It has been a while–a year and a week, to be precise–since a Flagler County student was arrested for allegedly making death threats involving a school. That lull came to an end today when a 12-year-old Indian Trails Middle school girl was arrested and charged before dawn with a felony count of threatening a mass shooting.
Neither the child nor her parents, who live in a new subdivision in northwest Palm Coast, own firearms. The child’s parents reported to authorities that she had suicidal thoughts two months ago, though they’d been unable to set up an appointment with a therapist.
In the overwhelming majority of such cases, the threats are spoken irresponsibly and jokingly. The evidence in this case points in a more alarming direction, with the student going through deliberate, preliminary plans before her messages on Snapchat alerted others and put a halt to it.
According to the girl’s heavily redacted arrest report, the incident appears to have originated on Monday, when the girl, a 6th grader, became upset about social media chatter that seemed to involve her. Someone out of state detected “Snapchat messages from a friend about wanting to kill people and shooting up a school.” The alleged threat was relayed to others in Flagler County, who alerted the Sheriff’s Office. (This is the first year that 6th graders were shifted from elementary schools to middle schools in the district.)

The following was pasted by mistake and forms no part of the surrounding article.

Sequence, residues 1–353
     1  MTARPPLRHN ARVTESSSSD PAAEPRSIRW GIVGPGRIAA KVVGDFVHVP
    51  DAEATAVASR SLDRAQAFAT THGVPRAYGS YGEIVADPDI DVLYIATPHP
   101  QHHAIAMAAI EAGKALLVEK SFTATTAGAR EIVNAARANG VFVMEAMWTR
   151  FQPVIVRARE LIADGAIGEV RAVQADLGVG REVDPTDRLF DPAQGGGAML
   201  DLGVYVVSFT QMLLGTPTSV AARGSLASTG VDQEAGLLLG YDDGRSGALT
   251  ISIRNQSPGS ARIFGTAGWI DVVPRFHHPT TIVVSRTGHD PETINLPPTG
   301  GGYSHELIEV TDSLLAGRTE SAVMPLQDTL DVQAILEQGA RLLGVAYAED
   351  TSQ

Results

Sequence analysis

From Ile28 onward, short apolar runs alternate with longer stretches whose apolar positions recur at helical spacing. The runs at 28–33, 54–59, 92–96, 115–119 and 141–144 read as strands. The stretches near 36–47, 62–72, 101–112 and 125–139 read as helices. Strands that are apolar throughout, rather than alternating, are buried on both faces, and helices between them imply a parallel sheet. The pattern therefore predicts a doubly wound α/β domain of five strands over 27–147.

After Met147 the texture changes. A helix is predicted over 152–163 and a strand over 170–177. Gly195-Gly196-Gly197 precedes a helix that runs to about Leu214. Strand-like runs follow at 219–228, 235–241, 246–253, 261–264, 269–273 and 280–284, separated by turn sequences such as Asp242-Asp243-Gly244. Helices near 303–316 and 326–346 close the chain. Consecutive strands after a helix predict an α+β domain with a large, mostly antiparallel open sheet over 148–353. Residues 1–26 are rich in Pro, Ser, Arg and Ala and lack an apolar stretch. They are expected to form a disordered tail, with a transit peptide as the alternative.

Deputies’ investigations examined some of the Snapchat messages that had been saved, among them an indication that the girl was trying to obtain a firearm from another juvenile. Deputies conducted much of their investigation overnight, in two cases waking up young students who’d already gone to sleep–one of the witnesses, then, after speaking with her parents, the 12-year-old suspect herself. She agreed to speak with deputies, but that part of the account is blacked out in her arrest report.
A sheriff’s release states that the deputies’ investigation revealed “several messages referencing killing people and shooting up the school,” and that “upon questioning, the student referenced plans to conduct a mass shooting at ITMS but they needed to gather supplies to use first. The suspect had convinced their parent to purchase them a pair of football gloves and had been in contact with another student in an attempt to obtain a firearm.”
In Florida, it is generally easier to obtain a firearm than to secure a therapist or psychiatrist. Florida law changed after the school shooting in Parkland in 2018, making written threats to kill a second-degree felony regardless of the age of the person making the threats. Dozens of Flagler County students have since been arrested on such charges, though in no case had there been evidence of actual harm planned. Courts typically sentence the offender to probation.
“We don’t like making these arrests, but we will come knocking on your door if your child makes any threat to harm someone,” Sheriff Rick Staly said in a statement. “Thank you to the parent who found messages on their child’s phone and then reported it to us so we could take swift action to prevent an incident from occurring within Flagler County Schools. I also hope this child gets the mental health help that is obviously needed.”
Mental health treatment for children had been lacking in Flagler County in recent years, but the school district and agencies like Flagler Cares now make such options more readily available, starting with counselors and psychologists at school.
The last such case in Flagler schools involved a 13-year-old student at Buddy Taylor Middle School, when that student was alleged to have carelessly made an empty threat during lunch, because fellow-students kept asking him about a rumor they’d heard.